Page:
Re:Tool-Kit for Detroit

A Study of Making.

Insights about the skills and services available in the city

Re-Tool-Kit for Detroit set out to assess what was being made in Detroit in the summer of 2012.

The project began with the question, “What can get made in Detroit?” Initially we compiled a database of over 400 manufacturing and fabrication businesses in the City of Detroit. The objective of the research was to gather insights about the skills and services available in the city by conducting interviews with people who make things. We conducted 47 interviews with Detroit area fabricators.

Re-Tool-Kit for Detroit is a collection of information gathered, organized, and designed to facilitate collaborations with Detroit area fabricators. The tool-kit targets an audience that is either partially or wholly unfamiliar with Detroit and the state of fabrication. It is intended to provide readers with the tools and data needed to both engage the fabrication community and incorporate the possibilities of various production techniques into design aspirations. By providing the understanding and tools needed to connect with the human capacity and fabrication know-how that already exists in Detroit, the tool-kit aspires to produce collaborations between a new generation of designers and existing fabrication sectors of Detroit for mutual benefit.

Re-Tool-Kit for Detroit was intended to perform like a guidebook or window into the world of Detroit’s fabrication capacity and potential. The guidebook format allows the research to be made available to the public without being comprehensive. It is intended to provide navigational data, useful reference information, and a select set of details for each fabrication shop included. It is designed to peak interest and engage, not exhaustively cover what can be made in Detroit. Information is presented graphically relying heavily on unique icons developed specifically for this project and provides an entertaining, non-verbal method of organizing and visualizing a range of information and can be added to and adapted over time.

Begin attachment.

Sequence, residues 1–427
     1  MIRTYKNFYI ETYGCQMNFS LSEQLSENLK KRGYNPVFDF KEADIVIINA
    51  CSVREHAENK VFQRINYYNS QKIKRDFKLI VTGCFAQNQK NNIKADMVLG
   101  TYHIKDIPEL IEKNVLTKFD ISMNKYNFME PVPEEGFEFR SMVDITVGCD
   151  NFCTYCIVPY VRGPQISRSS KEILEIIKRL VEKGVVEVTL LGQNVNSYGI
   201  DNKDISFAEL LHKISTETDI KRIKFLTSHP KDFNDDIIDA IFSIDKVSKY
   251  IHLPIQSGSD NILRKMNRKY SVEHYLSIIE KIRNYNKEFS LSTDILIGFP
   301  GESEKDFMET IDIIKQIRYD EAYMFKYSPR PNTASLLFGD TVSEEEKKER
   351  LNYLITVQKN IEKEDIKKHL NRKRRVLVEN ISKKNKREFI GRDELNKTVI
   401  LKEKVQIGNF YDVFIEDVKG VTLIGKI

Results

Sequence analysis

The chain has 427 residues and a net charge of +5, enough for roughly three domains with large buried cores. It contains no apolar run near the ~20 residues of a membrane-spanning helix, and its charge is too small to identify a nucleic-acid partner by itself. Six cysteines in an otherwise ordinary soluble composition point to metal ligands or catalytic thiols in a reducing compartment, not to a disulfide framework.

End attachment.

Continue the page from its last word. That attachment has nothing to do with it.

The scope of this project was purposefully inclusive.

Research for the project started with the creation of a database of four hundred shops collected via internet directories, driving around the city looking for fabrication shops and asking for recommendations from local fabricators and people who make things and get things made. This database was added to over the course of the project as interviewees continued to recommend other shops.

We included old-school shops that do not use digital tools, to hi-tech service-based fabricators working for military and medical clients, craftsmen fabricators, start-up artisanal fabricators, members of collective maker spaces where fabrication tools and resources are shared among multiple members and artists who are skilled at techniques that might have traditionally be classified as fabrication—such as metal work, machining and assemblies.

Interviews consisted of thirty-five questions and took approximately one hour. Questions asked included 1) what is made, 2) what tools and skills are required, 3) how does the business work – number of employees, batch size, scale and finish of products, and customer base, 4) when did the shop start and how it has changed over time, 5) does the shop “collaborate,” 6) is the shop capable of making something different than they make today, 7) how does one find the right fabricator for a job in Detroit, and 8) how does being in Detroit affect the work.


We attempted to enter a partnership with a local non-profit to provide ongoing stewardship and maintenance for the Re-Tool-Kit for Detroit database and website. We imagined this would mean that over time the directory would expand to include more of the initial four hundred shops collected. Naively, we imagined handing everything over would be simple. It wasn’t. The local non-profit didn’t want everything for free. They wanted to pay us for it so they could re-skin it and use it for their own purposes. As bunch of well-meaning academics, this resulted in paralysis. Who owned it? Could we sell it? What exactly was “it?” The result was this project never had the impact we hoped it would have.





Date: 2012
Location: Detroit, Michigan, USA
Client: Self-initiated research project

Design: Spring 2012
Completed: Fall 2012

This project was made possible by a Research on the City grant from Alan and Cynthia Berkshire at Taubman College of Architecture and Urban Planning at the University of Michigan

Heidi Beebe
John Marshall (rootoftwo)
Julia McMorrough
Seth Ellis
Assisted by: Michael P. McCulloch, Erika Lindsay, Pooja Dalal, Melissa Ablin, Casey Carter, Hannah Hunt Moeller, William Martin, Anna Buzolits, Mariah Gardziola

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